It turns out Hyper-V has the same functionality, but the steps to create a linked clone are a bit more hidden, and the operations are a bit more manual. The steps are as follows:
  • You need a template VM to reference your linked clones from. No different from VMware Workstation. The difference though, is that with VMware Workstation, you can keep working with this VM. With Hyper-V, this template is going to be left as an image on your harddrive, but you can't use it.
  • Sysprep the template VM. Theoretically you should do that in VMware Workstation too, but if you have some quick test you want to do and don't require domain functionality this could be omitted.
  • Turn off the VM, and mark the vhdx file of the VM as read-only. You can even remove that VM out of Hyper-V, so you don't accidentally turn it back on again
  • In Hyper-V, go to Action->New->Hard Disk. Select "Differencing Disk" as harddisk type, set the destination location and select the vhdx from the VM you created earlier.
  • Finally, create a new VM and select the newly created differenced disk instead of a new harddisk.
A lot of steps for what is relatively simple wizard in VMware Workstation. I think we can do better than that ;-) Powershell to the rescue! In the case below I've been lazy, and created a function that has paths and memory and such hardcoded inside, but the idea is what counts:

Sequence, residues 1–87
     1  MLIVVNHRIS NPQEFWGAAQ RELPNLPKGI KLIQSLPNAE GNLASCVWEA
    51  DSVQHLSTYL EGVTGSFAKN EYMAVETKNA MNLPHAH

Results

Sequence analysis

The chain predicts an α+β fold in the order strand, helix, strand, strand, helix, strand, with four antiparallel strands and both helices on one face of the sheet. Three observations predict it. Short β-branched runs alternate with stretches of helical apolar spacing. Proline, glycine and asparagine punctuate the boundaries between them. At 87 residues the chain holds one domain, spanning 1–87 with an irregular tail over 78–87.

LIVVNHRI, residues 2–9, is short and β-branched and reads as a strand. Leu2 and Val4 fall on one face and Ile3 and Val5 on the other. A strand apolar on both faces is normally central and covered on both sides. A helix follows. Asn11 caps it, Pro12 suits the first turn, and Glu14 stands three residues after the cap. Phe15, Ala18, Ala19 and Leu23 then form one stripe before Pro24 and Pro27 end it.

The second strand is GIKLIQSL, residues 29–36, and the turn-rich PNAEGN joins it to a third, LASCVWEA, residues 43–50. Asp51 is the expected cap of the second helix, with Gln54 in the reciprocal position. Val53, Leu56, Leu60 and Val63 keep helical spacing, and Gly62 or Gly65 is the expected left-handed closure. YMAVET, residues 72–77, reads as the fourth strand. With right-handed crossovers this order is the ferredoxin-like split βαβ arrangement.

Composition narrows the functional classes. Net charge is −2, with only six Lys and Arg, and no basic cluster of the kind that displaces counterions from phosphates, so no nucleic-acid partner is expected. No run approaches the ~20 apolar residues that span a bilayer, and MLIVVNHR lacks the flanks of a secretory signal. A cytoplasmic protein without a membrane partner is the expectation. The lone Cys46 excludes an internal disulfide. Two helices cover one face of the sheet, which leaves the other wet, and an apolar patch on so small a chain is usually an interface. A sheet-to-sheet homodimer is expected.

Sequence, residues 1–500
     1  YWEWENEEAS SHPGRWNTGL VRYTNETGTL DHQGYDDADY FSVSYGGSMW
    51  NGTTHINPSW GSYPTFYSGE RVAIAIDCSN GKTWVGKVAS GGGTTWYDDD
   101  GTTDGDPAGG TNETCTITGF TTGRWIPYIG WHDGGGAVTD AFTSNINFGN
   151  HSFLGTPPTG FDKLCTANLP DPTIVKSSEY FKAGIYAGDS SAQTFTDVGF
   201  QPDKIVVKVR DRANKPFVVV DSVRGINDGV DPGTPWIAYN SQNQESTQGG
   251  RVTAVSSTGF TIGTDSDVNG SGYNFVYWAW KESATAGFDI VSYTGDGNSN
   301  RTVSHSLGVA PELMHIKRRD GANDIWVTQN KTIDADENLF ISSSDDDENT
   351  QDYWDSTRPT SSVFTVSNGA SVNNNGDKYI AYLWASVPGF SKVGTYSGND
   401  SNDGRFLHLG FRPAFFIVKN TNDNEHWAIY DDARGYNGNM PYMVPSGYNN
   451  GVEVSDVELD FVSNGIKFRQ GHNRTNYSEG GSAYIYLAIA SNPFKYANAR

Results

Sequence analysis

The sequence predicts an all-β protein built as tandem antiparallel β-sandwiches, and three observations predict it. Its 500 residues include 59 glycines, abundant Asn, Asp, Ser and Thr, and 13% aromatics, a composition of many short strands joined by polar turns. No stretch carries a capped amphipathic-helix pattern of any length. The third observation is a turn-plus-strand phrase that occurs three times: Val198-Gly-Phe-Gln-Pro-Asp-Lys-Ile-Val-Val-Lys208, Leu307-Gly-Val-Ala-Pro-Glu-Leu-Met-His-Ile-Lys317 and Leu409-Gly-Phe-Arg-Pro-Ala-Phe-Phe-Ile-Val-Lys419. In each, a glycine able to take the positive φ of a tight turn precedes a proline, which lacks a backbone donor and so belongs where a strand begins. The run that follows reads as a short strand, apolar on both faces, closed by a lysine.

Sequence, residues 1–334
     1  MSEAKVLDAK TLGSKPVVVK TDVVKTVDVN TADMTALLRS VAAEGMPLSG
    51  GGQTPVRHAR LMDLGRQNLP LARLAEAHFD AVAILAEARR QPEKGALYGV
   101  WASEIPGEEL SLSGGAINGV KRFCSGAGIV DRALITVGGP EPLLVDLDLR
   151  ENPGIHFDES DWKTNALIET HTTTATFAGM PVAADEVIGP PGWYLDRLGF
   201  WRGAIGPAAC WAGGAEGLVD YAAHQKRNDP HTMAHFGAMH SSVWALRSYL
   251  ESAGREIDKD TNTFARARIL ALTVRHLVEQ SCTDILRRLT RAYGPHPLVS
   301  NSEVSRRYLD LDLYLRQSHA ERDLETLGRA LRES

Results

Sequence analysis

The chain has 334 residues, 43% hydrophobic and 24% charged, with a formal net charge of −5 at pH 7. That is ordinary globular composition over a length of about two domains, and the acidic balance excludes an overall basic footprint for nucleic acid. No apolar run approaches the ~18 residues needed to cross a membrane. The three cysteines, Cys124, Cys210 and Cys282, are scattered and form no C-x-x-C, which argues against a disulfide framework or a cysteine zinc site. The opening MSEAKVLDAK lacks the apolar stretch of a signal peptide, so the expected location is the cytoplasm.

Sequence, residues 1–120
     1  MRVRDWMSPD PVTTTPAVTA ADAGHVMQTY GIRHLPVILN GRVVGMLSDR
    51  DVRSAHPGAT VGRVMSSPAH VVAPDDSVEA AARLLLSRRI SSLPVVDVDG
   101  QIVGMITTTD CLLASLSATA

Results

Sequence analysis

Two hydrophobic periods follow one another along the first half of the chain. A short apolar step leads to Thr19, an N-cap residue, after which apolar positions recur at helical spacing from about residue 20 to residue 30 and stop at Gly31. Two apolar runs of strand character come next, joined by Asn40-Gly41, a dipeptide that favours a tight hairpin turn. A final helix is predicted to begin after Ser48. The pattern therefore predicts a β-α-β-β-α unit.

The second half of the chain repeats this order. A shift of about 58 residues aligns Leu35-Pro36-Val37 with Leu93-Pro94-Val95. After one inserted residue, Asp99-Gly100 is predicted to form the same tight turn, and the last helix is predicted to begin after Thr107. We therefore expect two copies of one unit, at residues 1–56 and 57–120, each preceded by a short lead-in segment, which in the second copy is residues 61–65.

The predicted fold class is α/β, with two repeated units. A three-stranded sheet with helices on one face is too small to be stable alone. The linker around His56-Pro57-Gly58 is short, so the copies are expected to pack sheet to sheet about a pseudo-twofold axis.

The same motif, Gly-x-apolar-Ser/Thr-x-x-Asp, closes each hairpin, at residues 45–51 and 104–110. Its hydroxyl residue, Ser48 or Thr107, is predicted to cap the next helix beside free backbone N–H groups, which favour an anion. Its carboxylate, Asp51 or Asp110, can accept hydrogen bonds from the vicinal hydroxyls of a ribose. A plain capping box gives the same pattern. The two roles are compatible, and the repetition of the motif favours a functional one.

• You create a differencing disk with New-VHD
  • You create the VM
  • You add the harddisk

$Template = "C:\VM\2012 Template.vhdx"


function New-CloneVM
{
    [CmdletBinding()]
    [Alias()]
    [OutputType([int])]
    Param
    (
        [Parameter(Mandatory=$true,
                   ValueFromPipelineByPropertyName=$true,
                   Position=0)]
        $Template,
        [Parameter(Mandatory=$true,
                   ValueFromPipelineByPropertyName=$true,
                   Position=0)]
        $NewVM
    )

    $destdisk = “C:\VM\$NewVM.vhdx”
    
    New-VHD –ParentPath $Template -Path $destdisk  –Differencing
    New-VM  $NewVM -MemoryStartupBytes 2048MB -SwitchName VLAN2 -Generation 2 -BootDevice CD
    Add-VMHardDiskDrive -VMName $NewVM -Path $destdisk -ControllerType SCSI
}


New-CloneVM -template $Template -NewVM Test1